Early Chemotherapy Improves Survival for Men with Prostate Cancer

“Two papers from UCL show that having early chemotherapy improves survival for men with prostate cancer. The papers, published in the Lancet and Lancet Oncology, report the results from the STAMPEDE clinical trial and a meta-analysis.

“Both papers looked at the use of a chemotherapy drug called docetaxel. Docetaxel is already used for men with prostate cancer once hormone therapy has stopped working. In STAMPEDE and the meta-analysis, the researchers looked at using it earlier, when men are starting long-term hormone therapy. Both studies found that adding docetaxel improved survival for these men.

“The studies also looked at whether the drug zoledronic acid improves survival. Zoledronic acid is used to reduce the risk of bone problems in men whose cancer has spread to their bones, and whose hormone therapy has stopped working. The new studies looked at using it earlier, when men are starting long-term hormone therapy. Both studies found that adding zoledronic acid did not improve survival for these men.”


Radiotherapy May Help in Node-Positive Prostate Cancer

“Adding prostate and pelvic radiotherapy (RT) to hormone therapy appears to cut relapse rates in men newly diagnosed with high-risk nonmetastatic (M0) node-positive prostate cancer, according to an exploratory analysis by European investigators.

“In a November 25 online paper in JAMA Oncology, Dr. Nicholas D. James of the University of Warwick, Coventry, UK, and colleagues note that they came to this conclusion using data collected between 2005 and 2014 in 721 patients allocated to the control arm (standard-of-care only) of the STAMPEDE Trial.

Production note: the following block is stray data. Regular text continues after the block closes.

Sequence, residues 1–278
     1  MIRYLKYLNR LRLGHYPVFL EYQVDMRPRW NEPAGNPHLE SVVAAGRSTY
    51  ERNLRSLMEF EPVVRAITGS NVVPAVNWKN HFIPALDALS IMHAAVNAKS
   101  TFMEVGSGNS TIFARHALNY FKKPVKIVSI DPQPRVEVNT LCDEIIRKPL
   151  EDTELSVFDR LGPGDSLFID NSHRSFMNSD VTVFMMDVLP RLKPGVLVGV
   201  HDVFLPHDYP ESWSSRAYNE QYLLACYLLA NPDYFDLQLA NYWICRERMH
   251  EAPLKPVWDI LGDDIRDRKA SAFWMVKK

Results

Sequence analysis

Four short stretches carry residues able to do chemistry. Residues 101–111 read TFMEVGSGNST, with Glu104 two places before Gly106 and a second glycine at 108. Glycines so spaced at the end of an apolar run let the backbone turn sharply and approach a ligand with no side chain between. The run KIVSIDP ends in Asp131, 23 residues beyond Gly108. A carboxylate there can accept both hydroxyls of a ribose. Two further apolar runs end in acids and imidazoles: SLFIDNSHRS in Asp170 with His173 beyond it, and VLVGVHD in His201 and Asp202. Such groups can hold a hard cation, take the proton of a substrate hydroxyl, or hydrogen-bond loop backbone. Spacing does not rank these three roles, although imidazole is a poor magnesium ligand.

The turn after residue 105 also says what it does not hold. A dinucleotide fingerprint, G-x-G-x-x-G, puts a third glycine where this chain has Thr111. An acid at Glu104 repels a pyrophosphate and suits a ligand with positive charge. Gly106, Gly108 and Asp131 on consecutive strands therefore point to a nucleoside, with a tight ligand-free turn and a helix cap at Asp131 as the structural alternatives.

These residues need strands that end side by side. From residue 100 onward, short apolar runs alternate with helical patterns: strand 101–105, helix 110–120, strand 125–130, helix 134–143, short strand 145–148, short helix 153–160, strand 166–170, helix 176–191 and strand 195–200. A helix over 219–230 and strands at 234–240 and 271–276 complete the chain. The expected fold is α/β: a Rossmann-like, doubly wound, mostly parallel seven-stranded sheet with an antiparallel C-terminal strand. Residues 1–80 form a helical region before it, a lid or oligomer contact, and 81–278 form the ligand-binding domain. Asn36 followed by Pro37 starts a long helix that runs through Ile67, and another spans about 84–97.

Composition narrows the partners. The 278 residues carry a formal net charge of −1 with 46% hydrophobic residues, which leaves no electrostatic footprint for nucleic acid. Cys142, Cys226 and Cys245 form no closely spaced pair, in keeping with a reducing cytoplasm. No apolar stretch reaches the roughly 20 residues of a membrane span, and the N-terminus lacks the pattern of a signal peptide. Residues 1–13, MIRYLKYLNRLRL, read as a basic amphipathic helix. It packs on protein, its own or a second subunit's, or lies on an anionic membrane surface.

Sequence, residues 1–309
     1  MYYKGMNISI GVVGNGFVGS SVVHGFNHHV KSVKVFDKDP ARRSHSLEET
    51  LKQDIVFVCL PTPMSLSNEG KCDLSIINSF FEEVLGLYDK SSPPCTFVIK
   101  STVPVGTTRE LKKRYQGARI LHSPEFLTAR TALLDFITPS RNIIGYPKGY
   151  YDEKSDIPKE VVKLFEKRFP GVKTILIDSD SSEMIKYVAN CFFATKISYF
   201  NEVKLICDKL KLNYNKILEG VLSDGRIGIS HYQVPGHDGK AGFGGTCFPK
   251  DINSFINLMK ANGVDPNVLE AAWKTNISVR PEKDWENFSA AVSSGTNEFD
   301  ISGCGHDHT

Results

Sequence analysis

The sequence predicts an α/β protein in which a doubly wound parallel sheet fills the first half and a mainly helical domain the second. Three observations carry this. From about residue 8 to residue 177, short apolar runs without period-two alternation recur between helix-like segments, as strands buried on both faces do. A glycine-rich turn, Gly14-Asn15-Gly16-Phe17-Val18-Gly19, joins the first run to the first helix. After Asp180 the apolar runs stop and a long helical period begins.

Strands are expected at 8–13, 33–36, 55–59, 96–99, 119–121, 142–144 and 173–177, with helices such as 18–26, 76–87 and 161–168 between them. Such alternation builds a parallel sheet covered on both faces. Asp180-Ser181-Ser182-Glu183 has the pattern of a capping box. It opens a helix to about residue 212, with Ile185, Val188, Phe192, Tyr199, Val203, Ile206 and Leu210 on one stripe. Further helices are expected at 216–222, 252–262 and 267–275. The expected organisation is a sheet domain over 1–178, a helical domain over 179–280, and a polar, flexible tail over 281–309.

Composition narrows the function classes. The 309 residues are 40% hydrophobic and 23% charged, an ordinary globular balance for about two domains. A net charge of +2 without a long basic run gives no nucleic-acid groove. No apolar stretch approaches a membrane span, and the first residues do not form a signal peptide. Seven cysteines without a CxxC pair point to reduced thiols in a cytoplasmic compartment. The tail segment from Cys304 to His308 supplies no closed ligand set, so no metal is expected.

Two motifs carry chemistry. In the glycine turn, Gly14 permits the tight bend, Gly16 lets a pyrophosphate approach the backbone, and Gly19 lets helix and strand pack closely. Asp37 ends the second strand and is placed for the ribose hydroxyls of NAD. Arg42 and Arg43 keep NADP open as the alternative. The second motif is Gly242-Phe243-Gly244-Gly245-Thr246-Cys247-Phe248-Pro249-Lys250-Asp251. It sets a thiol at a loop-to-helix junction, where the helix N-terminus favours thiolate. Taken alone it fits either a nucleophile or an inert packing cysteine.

“Dr. James told Reuters Health by email that these data ‘form part of a pair of publications detailing outcomes in the control arm of STAMPEDE and help to make sense of the forthcoming paper on the randomized comparisons currently in press at The Lancet.’ “


Two-Drug Combination Boosts Survival in Metastatic Prostate Cancer

“Newly diagnosed patients with metastatic, hormone-sensitive prostate cancer gained a dramatic survival benefit when started on two drugs simultaneously, rather than delaying the second drug until the cancer began to worsen, according to results of a clinical trial led by a Dana-Farber Cancer Institute scientist.

“Patients who underwent six cycles of treatment with the chemotherapy drug docetaxel along with a hormone blocker survived for a median of 57.6 months, more than a year longer than the median 44-month survival for men who received only the hormone-blocker, according to a report in The New England Journal of Medicine. The immediate combination also prolonged the period before the cancer began to worsen – a median of 20.2 months versus 11.7 months with the single agent.

“The multi-center, phase III trial, involving 790 patients, ‘is the first to identify a strategy that prolongs survival in men newly diagnosed with metastatic, hormone-sensitive prostate cancer,’ said Christopher J. Sweeney, MBBS, of Dana-Farber’s Lank Center for Genitourinary Oncology. He said the results of the multi-center phase III trial should change the way doctors have routinely treated such patients since the 1940s.”


Docetaxel Improves Survival for Men with Hormone-Naive Prostate Cancer

“The addition of docetaxel to standard therapy clinically and significantly improved survival for men with locally advanced or metastatic hormone-naive prostate cancer, according to findings from the STAMPEDE trial.

“However, the addition of zoledronic acid to standard therapy was not associated with improved survival, results showed.

“ ‘We hope our findings will encourage doctors to offer docetaxel to men newly diagnosed with metastatic prostate cancer, if they are healthy enough for chemotherapy,’ Nicholas David James, MD, PhD, director of the cancer research unit at the University of Warwick and consultant in clinical oncology at Queen Elizabeth Hospital in the United Kingdom, said in a press release. ‘Men with locally advanced, nonmetastatic prostate cancer may also consider docetaxel as part of upfront therapy, as it clearly delays relapse.

“ ‘It’s also clear that zoledronic acid does not benefit these patients and should not be offered as an upfront treatment for advanced prostate cancer,’ James said.”